Noise

Noise can affect people in different ways depending on the type, level, duration and frequency of the noise. When noise is a problem we recommend you take the following actions to resolve the issue.

 

Residential noise

Step 1.Contact the person making the noise

The person may not be aware that their activity is affecting you or others in the area.

In most cases the person will be happy to work with you to reduce the noise.

This approach helps to maintain good relations with neighbours.

If you feel the person is unapproachable or you are uncomfortable doing so, a friendly letter in the letterbox may help.

Step 2.Contact Community Justice Centre 

If the noise persists and your neighbour is unwilling to discuss the matter then you should contact the Community Justice Centre.

The Community Justice Centre is a government funded independent organisation that specialises in settling differences between neighbours without entering into complicated legal processes and has a high success rate. The CJC can be contacted on 1800 990 777.

Step 3.Request a Noise Abatement Order

If mediation has failed to resolve the matter and your neighbour continues making the noise, you can take action in the Local Courts and apply for a Noise Abatement Order.

If the court is satisfied that the neighbour is causing an offensive noise or that the noise is likely to recur (keep happening), it may order them to stop the noise or prevent a recurrence. This order can last indefinitely.

Step 4.Referring a complaint to Council

If other options have failed, you can lodge a complaint with Council by phone, email or in person (see our contact details on this page).

Neighbour to neighbour complaints are assessed against the following criteria:

  • is there a public health risk; and
  • is the noise impacting on the broader public or can it be resolved privately

Council will determine if the complaint requires further investigation. We can also provide information to the person making the noise.

Matters that can be resolved through the CJC, local court or police will generally not be investigated.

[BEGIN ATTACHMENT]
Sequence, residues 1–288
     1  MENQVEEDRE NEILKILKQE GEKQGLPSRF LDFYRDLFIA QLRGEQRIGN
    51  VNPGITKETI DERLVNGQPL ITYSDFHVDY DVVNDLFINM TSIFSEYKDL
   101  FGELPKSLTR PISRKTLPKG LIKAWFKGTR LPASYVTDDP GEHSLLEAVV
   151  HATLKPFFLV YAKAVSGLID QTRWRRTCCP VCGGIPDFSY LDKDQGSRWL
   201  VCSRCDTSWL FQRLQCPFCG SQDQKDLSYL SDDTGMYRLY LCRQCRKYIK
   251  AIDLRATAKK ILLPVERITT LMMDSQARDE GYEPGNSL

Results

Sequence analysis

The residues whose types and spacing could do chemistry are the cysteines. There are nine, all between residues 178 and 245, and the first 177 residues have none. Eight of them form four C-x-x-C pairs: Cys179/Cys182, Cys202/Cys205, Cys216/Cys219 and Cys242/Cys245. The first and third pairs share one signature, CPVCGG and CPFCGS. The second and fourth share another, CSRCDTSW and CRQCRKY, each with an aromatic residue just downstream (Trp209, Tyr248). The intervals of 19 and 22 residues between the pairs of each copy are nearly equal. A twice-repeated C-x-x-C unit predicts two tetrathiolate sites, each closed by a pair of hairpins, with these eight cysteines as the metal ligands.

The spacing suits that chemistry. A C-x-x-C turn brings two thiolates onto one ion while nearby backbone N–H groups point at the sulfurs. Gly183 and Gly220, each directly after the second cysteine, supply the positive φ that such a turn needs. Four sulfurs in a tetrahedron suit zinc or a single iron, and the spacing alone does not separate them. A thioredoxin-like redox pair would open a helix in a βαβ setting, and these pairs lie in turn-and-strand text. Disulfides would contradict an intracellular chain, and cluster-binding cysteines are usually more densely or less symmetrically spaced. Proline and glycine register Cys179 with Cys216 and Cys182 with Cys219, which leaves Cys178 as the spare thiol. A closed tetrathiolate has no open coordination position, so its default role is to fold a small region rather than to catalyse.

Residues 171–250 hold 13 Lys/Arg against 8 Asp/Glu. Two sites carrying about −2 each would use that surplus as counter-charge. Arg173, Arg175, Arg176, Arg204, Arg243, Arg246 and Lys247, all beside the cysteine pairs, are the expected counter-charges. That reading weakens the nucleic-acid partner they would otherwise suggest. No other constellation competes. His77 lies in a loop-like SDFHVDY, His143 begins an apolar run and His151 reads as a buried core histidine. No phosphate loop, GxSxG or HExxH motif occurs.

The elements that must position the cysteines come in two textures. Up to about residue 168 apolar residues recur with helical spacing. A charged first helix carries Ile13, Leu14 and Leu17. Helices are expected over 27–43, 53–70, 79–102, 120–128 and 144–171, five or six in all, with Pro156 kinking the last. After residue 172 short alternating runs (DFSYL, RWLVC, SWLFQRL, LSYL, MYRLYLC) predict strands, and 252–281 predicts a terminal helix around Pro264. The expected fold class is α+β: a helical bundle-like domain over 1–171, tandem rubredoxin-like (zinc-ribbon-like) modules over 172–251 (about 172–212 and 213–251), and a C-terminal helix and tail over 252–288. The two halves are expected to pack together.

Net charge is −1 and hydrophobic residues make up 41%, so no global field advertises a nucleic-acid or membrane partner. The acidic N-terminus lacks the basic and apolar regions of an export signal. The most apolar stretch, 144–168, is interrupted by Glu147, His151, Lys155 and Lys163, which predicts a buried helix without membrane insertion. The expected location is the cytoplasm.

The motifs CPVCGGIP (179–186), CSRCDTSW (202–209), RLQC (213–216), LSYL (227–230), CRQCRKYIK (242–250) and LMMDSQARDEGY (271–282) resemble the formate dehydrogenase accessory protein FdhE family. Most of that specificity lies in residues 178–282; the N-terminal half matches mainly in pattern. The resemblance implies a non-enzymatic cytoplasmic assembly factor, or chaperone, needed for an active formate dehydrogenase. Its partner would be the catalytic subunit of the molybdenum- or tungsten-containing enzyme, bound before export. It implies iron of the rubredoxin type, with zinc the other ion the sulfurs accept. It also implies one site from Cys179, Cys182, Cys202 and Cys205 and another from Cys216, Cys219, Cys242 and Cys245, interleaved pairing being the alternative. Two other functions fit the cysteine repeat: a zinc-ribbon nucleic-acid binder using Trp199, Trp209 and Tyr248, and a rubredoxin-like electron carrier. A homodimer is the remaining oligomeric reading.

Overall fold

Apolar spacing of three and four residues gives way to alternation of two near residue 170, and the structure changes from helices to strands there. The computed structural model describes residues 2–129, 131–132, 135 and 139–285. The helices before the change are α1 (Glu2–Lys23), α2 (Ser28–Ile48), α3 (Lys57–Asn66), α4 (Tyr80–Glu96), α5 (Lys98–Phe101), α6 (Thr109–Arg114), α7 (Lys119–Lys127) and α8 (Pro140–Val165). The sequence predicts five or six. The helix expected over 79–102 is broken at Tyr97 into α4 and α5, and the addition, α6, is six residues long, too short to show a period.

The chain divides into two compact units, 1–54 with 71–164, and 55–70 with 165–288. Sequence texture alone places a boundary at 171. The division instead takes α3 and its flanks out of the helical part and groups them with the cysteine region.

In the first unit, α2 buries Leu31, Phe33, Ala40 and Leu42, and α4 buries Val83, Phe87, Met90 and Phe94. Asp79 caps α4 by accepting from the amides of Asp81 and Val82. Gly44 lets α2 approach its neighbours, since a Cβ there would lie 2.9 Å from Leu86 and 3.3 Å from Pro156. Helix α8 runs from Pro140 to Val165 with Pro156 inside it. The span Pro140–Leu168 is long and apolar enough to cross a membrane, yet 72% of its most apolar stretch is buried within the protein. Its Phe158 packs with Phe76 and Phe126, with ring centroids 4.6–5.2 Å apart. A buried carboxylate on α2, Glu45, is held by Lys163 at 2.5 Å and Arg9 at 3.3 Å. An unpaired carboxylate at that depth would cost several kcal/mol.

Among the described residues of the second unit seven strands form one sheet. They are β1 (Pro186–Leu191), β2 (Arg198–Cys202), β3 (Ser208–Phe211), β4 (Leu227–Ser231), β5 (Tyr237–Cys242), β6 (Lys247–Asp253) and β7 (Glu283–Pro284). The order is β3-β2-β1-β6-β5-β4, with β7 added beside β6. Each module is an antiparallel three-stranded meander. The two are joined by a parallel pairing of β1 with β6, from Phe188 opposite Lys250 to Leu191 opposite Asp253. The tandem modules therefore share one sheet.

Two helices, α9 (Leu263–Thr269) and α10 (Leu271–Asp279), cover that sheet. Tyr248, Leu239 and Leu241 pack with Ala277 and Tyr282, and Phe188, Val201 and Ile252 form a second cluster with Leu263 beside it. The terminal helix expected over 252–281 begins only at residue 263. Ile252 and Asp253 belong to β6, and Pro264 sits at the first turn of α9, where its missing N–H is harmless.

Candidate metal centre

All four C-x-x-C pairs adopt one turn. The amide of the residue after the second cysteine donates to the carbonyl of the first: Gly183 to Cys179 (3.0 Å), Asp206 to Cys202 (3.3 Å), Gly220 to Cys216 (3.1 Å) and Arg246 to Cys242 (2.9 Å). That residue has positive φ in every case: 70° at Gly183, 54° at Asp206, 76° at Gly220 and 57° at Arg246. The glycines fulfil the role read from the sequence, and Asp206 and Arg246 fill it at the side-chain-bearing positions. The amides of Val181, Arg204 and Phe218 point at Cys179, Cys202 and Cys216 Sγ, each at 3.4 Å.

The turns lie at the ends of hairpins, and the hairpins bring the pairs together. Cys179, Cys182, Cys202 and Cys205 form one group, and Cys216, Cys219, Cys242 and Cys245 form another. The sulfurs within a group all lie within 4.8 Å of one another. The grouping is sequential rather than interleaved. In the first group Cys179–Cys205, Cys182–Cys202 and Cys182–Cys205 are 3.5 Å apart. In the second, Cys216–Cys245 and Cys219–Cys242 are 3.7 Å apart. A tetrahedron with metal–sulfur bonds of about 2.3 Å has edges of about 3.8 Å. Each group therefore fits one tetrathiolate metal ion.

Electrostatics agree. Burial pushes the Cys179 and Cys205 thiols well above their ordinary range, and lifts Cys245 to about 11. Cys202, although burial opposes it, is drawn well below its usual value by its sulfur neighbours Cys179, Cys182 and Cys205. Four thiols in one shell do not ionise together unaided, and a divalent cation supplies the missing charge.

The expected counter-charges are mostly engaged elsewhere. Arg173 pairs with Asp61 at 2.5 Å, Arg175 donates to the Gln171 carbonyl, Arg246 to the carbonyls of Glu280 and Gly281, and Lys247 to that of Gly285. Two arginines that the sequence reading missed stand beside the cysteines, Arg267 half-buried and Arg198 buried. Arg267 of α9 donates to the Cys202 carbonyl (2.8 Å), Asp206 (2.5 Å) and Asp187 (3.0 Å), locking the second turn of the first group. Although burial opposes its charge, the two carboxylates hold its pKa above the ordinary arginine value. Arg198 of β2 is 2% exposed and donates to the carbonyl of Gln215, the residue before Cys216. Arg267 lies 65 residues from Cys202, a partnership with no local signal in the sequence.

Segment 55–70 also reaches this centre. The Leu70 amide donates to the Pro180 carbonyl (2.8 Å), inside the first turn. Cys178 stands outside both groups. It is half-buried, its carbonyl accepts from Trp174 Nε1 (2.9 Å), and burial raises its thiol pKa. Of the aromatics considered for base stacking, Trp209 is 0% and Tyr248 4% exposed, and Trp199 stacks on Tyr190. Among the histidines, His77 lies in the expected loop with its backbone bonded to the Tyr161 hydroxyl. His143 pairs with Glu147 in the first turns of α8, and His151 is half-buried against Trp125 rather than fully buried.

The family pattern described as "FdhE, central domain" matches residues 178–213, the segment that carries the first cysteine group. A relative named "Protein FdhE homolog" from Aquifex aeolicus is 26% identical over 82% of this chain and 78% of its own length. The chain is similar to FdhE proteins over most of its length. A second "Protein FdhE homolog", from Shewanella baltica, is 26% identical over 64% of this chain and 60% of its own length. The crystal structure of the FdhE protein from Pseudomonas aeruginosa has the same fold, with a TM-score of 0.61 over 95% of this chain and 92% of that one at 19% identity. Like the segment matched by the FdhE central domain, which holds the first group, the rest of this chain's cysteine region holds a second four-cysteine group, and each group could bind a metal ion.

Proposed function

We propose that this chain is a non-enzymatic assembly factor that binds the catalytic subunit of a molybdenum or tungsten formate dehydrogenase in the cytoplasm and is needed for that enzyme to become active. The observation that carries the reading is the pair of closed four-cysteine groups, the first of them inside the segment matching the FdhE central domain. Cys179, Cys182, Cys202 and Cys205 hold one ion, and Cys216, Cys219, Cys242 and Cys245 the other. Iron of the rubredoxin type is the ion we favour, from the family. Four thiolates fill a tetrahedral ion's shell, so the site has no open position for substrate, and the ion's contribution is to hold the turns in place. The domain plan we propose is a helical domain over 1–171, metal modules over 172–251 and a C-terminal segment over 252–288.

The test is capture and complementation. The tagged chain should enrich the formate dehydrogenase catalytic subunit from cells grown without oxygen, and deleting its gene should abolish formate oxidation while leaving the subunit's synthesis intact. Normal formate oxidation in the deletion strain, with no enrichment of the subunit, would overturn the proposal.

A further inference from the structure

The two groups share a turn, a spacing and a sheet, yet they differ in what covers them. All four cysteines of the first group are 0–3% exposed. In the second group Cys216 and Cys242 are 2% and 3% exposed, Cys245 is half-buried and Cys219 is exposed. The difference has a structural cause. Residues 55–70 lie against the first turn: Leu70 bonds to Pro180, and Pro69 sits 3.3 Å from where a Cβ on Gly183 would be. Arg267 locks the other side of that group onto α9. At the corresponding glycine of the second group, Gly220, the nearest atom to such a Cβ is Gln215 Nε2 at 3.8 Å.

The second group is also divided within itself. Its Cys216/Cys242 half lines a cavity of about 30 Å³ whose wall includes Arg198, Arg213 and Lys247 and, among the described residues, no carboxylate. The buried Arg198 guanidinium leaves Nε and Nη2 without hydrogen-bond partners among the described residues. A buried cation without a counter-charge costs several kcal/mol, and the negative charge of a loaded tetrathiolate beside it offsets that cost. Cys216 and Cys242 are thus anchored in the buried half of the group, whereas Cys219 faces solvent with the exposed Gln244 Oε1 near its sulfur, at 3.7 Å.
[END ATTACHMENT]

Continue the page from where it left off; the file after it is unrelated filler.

Agricultural noise

Farming activities can cause conflict between residential properties, rural landholders and local communities. Common complaints include noise generated by tractors and their implements, frost fans and gas guns.

The NSW Government Department of Primary Industries has a Right to Farm Policy which supports primary producers in their right to farm to the extent of what is lawful, and in compliance with relevant legislation.

Council recognises that farming activities have the potential to impact on neighbours, however many of the activities cannot be avoided.

The following suggestions are offered for consideration by both landholders and residents:

  • Maintain good communication with neighbours.
  • Consider if a proposed activity is likely to generate noise impacts to neighbours (e.g. frost fans, gas guns, night spraying) and discuss with your neighbours.
  • When operating agricultural equipment, consider location of nearby dwellings and adjust operations in an effort to reduce noise impacts.

If you are a resident impacted by agricultural noise recommend taking the steps below to resolve the matter.

Step 1.Contact the person making the noise

The person may not be aware that their activity is affecting you or others in the area.

In most cases the person will be happy to work with you to reduce the noise.

This approach helps to maintain good relations with neighbours.

If you feel the person is unapproachable or you are uncomfortable doing so, a friendly letter in the letterbox may help. 

Step 2.Contact Community Justice Centre 

If the noise persists and your neighbour is unwilling to discuss the matter then you should contact the Community Justice Centre.

The Community Justice Centre is a government funded independent organisation that specialises in settling differences between neighbours without entering into complicated legal processes and has a high success rate. The CJC can be contacted on 1800 990 777.

Step 3.Request a Noise Abatement Order

If mediation has failed to resolve the matter and your neighbour continues making the noise, you can take action in the Local Courts and apply for a Noise Abatement Order.

If the court is satisfied that the neighbour is causing an offensive noise or that the noise is likely to recur (keep happening), it may order them to stop the noise or prevent a recurrence. This order can last indefinitely.

Step 4.Referring a complaint to Council

If other options have failed, you can lodge a complaint with Council by phone, email or in person (see our contact details on this page).

Neighbour to neighbour complaints are assessed against the following criteria:

  • is there a public health risk; and
  • is the noise impacting on the broader public or can it be resolved privately

Council will determine if the complaint requires further investigation. We can also provide information to the person making the noise.

Matters that can be resolved through the CJC, local court or police will generally not be investigated.